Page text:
In reply to AMS:
Julian wasn´t intending to include Windows at all, or even a Linux GUI on the the kernel, so his idea effectively chops the heavy top off the underlying OS and replaces it with the lightweight GUI from RISC OS. OK a thirteen times speed increase is a little optimistic, but how much would you like, five times?
As far as I can see (and I just checked back) you are the only person talking about write caching; if you don´t like it, use a filesystem that doesn't do it. It´s only really a problem if your OS is likely to crash when a program contains an error and Linux is orders of magnitude less likely to do that than RISC OS.
Any alternative system for running RISC OS (or RISC OS-like) programs would be capable of moving back to any ARM processors that become available in the future (I don't think anyone is recommending swapping a reliance on ARM for a reliance on x86). Does the reliance of RISC OS on ARM processors make it more likely that future processors will be more suitable for desktop use? I very much doubt it!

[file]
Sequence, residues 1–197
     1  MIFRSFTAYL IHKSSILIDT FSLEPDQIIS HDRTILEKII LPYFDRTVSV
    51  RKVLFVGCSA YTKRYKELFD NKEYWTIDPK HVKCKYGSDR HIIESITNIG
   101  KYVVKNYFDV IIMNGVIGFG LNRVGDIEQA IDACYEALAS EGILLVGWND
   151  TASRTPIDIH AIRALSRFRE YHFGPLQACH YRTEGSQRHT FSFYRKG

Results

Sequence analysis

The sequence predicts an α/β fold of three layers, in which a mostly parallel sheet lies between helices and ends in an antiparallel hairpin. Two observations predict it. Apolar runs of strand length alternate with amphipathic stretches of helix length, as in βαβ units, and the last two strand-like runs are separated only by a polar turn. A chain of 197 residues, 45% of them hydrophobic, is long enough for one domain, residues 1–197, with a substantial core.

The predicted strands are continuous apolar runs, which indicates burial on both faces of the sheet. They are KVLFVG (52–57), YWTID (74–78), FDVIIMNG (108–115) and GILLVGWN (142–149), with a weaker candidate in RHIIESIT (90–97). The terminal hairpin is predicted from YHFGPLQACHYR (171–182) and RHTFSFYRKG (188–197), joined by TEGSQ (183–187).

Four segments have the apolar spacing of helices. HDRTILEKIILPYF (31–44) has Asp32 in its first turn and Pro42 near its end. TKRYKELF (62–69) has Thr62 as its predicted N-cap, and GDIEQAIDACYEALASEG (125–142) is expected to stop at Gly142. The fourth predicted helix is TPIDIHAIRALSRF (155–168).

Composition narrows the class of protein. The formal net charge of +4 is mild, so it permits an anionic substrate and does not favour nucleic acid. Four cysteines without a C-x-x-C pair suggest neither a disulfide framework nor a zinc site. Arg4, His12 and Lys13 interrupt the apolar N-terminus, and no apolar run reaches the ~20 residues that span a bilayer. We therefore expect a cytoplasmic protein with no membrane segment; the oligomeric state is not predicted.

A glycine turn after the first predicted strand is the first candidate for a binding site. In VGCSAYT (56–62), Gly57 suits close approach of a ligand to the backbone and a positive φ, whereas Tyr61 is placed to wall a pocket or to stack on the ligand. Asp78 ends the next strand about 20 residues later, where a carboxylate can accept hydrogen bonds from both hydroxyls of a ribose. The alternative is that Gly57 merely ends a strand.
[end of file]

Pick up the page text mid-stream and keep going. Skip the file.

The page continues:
RISC OS needs new users. To get them it needs faster hardware and new applications. Either we can wait around, losing users, until someone produces a faster ARM processor suitable for desktop computers (which no company has said they are going to do), or we can do something to make the best features of the OS available to many more potential customers. The alternatives being suggested here are ways of doing that before there's really only a couple of us still around, and provide at least the chance of more sales of RISC OS applications.
Personally, I believe my suggestion has the potential to be better in most respects than the original, and involve less work than, say, porting Firefox to RISC OS has. I'd welcome arguments to the contrary.